Even today, many publishers turn to digital editions simply as a straight replica of the print product.
But at a recent Folio: Webinar, “State of the Art in Digital Magazines,” two b-to-b publishers shared how they have refigured their digital edition strategies to make them a key part of the editorial, sales and audience development missions.
Uptime Magazine started offering digital editions in 2006 through its printer. At the time, Uptime’s Web presence was limited (and overshadowed by its ReliabilityWeb.com sister site), and digital editions were a good way to expand its online presence. However, Uptime stopped that digital edition in late 2007 due to low adoption and no revenue model. “What we failed to do was have a business model around the digital edition,” says Terry O’Hanlon, publisher of Uptime Magazine and Reliabilityweb.com. “It was a barebones vanilla platform. We weren’t able to provide metrics to advertisers or ourselves.”
In 2008, Uptime teamed with Nxtbook Media and re-launched its digital edition strategy, which today includes 23,000 digital-only subscribers and 60 percent of its annual advertising contracts extending to the digital edition. Average reader visits are eight minutes long, with 20 out of 60 pages viewed and 17 percent of visitors clicking on ads, according to O’Hanlon.
Much of the turnaround can be credited to an aggressive push strategy. Uptime has several e-mail publications and includes links to the digital editions in all emails (sometimes featuring the TOC of the digital edition with a direct link). “Traffic doesn’t happen by accident,” says O’Hanlon. “Fifty percent of our visitors come through Google or direct links, but 50 percent also come from e-mail pushes. You can’t simply publish the magazine, link to a Web site and think you’ll get traffic.”
More recently, Uptime has started routing the primary Web site domain to the digital edition as a starting page. “We did that to demonstrate our commitment to the digital edition to advertisers and because readers find it easier to route them to the current issue,” says O’Hanlon. “You can e-mail us and bookmark pages—there is little you can do on a Web site that you can’t also do from inside the digital edition.”
Edgell Communications began testing digital editions for Consumer Goods Technology in 2007, and in 2008 and 2009, replaced four issues of the print magazine with digital issues.
While Edgell, which works with Texterity, isn’t replacing Web sites with the digital edition, vice president of online media Rob Keenan agrees with O’Hanlon on the importance of marketing digital products. “As an industry we spend a lot of time talking about how good our publications are but we don’t spend time developing a solid marketing strategy around them,” he says. “Figure out what your e-mail marketing techniques are and use content as a driver. One of the mistakes publishers make on the push side is to say, ‘Come look at the cover of our digital edition.’ That’s nice, but it’s a sample of the content that really drives them.”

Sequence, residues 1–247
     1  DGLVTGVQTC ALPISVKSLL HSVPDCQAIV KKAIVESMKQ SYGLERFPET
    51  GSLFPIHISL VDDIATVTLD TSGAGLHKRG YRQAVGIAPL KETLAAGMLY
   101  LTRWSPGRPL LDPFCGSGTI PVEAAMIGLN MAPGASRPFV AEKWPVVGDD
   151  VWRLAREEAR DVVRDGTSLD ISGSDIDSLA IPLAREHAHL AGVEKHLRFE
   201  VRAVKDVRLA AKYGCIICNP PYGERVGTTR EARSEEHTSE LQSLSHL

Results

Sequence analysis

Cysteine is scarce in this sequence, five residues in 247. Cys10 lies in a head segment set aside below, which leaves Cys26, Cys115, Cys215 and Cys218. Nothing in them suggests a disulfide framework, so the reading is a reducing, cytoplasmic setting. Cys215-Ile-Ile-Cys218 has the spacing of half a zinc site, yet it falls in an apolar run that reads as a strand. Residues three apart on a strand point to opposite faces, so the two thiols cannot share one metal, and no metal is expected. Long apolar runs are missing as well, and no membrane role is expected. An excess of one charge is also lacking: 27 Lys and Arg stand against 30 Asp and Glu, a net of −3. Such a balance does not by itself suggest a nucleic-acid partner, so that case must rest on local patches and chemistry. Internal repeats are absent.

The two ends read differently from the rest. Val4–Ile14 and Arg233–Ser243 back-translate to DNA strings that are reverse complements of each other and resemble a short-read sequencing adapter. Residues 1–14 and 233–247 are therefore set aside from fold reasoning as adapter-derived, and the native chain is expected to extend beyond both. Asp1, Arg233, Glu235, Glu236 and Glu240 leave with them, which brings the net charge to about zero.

Optimizing the Digital Format
Publishers need to ask themselves how they are optimizing themselves for the digital format, according to Keenan. “What are you putting in issue that will drive them?”
“We don’t do a vertical magazine as a digital issue,” he adds. “We’re not constrained to the typical ways we build print. With a digital edition, we can go with a horizontal layout and avoid the zoom function.”
The digital edition of Consumer Goods technology features deep integration with the Web site, with content flowing through the same CMS. The magazine also includes a number of features that make the issue look digital—including video, polling, and blow-in charts.
Metrics also give Edgell insight into who the audience is and how they engage. To pull better metrics, Consumer Goods Technology tied ads for its digital edition directly into its ad management system. “A lot of people don’t do that but it lets us serve Flash ads and it makes reporting easier,” says Keenan. “We showed advertisers the types of reports we could pull and they got comfortable with the idea that, ‘Hey, we’re going to reach that audience.’”
Both Uptime and Consumer Goods Technology offer enhanced ads with digital editions, ranging from flash to video to audio. Consumer Goods Technology has seen Flash boost clickthroughs by 50 percent on some ads and Uptime is providing direct response capabilities, where readers can fill out forms in the ads.
“Advertisers like the creative control with a digital edition versus static banners on a Web site,” says O’Hanlon, who adds that the price for enhanced ads can range from $500 to $5,000. “If you tack on something that makes sense, $500 is not much money for a b-to-b advertiser.”